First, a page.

These financial statements have been prepared in accordance with accounting principles generally accepted in the United States of America for interim financial information and the SEC instructions to Form 10-Q.  In the opinion of management, all adjustments considered necessary for a fair presentation have been included.  Operating results for the interim period ended March 31, 2012 are not necessarily indicative of the results that can be expected for the full year.














3

















CROWN ALLIANCE CAPITAL LTD


(formerly Kinetic Resources Corp)

(A Development Stage Company)

FINANCIAL STATEMENTS

March 31, 2012

(Stated in US Dollars)

(Unaudited)
















4





CROWN ALLIANCE CAPITAL LTD

(formerly Kinetic Resources Corp).

(A Development Stage Company)

BALANCE SHEETS

(Stated in US Dollars)


 

March 31

June 30,

 

2012

2011

 

(Unaudited)

(Audited)

ASSETS

 

 

 

 

 

 

 

 

 

Current

 

 

 

 

     Cash

$

118,348

$

5,958

     Prepaid expenses

 

4,500

 

-

 

 

 

 

 

Total current assets

 

122,848

 

5,958

 

 

 

 

 

Investments in life settlement policies

 

38,195

 

-

Office equipment - Note 4

 

2,354

 

-

Lease deposit

 

12,000

 

-

 

 

 

 

 

Total long term assets

 

52,549

 

-

 

 

 

 

 

Total assets

$

175,397

$

5,958

 

 

 

 

 

 

 

 

LIABILITIES AND STOCKHOLDERS’ EQUITY (DEFICIT)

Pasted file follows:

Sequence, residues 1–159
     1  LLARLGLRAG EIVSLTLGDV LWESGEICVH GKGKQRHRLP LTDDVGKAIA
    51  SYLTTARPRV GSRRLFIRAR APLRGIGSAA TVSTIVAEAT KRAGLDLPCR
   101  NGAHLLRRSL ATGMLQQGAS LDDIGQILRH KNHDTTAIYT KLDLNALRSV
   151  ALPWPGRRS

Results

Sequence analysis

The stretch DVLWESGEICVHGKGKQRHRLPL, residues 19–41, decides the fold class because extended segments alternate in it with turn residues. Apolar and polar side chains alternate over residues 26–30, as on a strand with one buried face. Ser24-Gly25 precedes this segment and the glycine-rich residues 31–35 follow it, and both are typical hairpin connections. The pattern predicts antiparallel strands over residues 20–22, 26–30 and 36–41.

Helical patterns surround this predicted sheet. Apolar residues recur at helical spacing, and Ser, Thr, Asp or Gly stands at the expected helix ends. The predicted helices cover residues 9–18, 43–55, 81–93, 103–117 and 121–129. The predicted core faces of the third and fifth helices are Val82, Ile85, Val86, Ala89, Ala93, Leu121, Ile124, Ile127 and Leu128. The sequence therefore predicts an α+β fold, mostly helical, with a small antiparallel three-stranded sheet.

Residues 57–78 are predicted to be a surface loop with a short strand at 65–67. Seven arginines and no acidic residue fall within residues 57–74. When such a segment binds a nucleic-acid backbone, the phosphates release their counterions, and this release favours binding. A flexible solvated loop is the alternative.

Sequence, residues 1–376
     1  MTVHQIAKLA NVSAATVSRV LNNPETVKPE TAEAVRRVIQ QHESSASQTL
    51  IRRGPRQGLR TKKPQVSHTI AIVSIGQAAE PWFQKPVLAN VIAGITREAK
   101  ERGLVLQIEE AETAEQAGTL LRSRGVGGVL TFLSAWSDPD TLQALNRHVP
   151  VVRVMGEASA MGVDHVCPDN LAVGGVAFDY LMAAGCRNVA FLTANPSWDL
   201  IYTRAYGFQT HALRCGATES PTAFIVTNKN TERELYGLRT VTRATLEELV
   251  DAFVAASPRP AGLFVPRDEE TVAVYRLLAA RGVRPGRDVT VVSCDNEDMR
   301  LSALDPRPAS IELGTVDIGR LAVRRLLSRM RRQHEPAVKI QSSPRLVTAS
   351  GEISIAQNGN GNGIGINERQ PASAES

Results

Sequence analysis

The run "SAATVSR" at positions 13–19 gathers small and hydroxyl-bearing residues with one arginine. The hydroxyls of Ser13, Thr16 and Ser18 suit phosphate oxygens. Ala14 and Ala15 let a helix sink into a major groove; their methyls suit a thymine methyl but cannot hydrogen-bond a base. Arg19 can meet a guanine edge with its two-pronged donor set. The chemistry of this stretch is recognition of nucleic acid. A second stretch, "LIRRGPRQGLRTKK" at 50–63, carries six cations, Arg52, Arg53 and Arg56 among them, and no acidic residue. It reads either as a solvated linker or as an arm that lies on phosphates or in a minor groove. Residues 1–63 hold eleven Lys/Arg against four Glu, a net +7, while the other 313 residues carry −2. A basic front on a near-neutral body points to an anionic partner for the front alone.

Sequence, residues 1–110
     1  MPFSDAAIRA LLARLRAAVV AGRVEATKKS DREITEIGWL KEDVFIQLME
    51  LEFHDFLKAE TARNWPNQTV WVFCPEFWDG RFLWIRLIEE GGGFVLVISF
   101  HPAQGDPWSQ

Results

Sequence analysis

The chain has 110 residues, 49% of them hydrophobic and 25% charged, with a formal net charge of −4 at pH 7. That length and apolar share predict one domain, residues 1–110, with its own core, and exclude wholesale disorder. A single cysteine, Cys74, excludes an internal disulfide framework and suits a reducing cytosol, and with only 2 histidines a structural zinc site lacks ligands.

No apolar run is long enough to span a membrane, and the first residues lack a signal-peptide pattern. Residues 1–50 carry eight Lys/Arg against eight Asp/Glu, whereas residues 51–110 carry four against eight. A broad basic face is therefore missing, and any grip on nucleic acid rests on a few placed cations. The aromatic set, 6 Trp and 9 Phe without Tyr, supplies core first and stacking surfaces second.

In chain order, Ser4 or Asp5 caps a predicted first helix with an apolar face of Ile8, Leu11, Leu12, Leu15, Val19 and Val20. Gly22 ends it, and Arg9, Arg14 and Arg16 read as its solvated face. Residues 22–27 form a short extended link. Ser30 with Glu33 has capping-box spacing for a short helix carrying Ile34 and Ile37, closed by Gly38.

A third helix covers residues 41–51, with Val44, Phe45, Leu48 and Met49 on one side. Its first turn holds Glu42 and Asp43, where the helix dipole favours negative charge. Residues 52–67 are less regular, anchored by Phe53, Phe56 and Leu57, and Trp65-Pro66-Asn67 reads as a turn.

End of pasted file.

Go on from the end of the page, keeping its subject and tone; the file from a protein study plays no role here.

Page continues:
Current

 

 

 

 

    Accounts payable

$

59,041

$

2,612

    Accrued interest, related party - Note 7

 

801

 

-

    Notes payable, related party - Note 7

 

45,000

 

-

 

 

 

 

 

Total current liabilities

 

104,842

 

2,612

 

 

 

 

 

Long-term liabilities

 

 

 

 

 

 

 

 

 

    Accrued interest

 

-

 

655

    Notes payable, related party - Note 7

 

-

 

50,000

 

 

 

 

 

Total long-term liabilities

 

-

 

50,655

 

 

 

 

 

Total liabilities

 

104,842

 

53,267

 

 

 

 

 

STOCKHOLDERS’ EQUITY (DEFICIT)

 

 

 

 

 

 

 

 

 

Preferred stock, $0.001 par value

 

 

 

 

        10,000,000 shares authorized, none outstanding

 

-

 

 -

Common stock, $0.001 par value - Notes 7 and 8

 

 

 

 

        90,000,000 shares authorized

 

 

 

 

40,375,016 shares issued and outstanding  (40,375,016 shares as of June 30, 2011)

 

40,375

 

40,375

Additional paid-in capital

 

72,785

 

(12,562)

Capital stock to be  issued (285,714 shares)

 

200,000

 

-

Deficit accumulated during the development stage

 

(242,605)

 

(75,798)

 

 

 

 

 

Total stockholders’ equity (deficit)

 

70,555

 

(47,309)

 

 

 

 

 

Total liabilities and stockholders’ equity (deficit)

$

175,397

$

5,958



SEE ACCOMPANYING NOTES.




F-1





CROWN ALLIANCE CAPITAL LTD

(formerly Kinetic Resources Corp).

 (A Development Stage Company)

INTERIM STATEMENTS OF OPERATIONS

(Stated in US Dollars)

(Unaudited)


 

 

 

From

 

 

 

inception

 

Three Months

Nine Months

(March 4,

 

Ended

Ended

2010) to

 

March 31,

March 31,

March 31,

 

2012

2011

2012

2011

2012

 

 

 

 

 

 

 

 

 

 

 

Expenses

 

 

 

 

 

 

 

 

 

 

 

 

 

 

 

 

 

 

 

 

 

   Audit and accounting fees

$

3,750

$

3,904

$

16,858

$

14,388

$

34,228

   Bank charges

 

163

 

85

 

340

 

405

 

870

   Foreign exchange (gain) loss

 

124

 

(3)

 

284

 

(10)

 

281

   Depreciation

 

221

 

-

 

295

 

-

 

295

   Legal fees

 

5,991

 

(478)

 

46,973

 

30,655

 

85,383

   Management fees

 

51,250

 

-

 

51,250

 

-

 

51,750

   Mineral Property option costs

 

-

 

-

 

4,000

 

4,000

 

8,000

   Mineral property exploration costs

 

-

 

-

 

-

 

2,500

 

2,500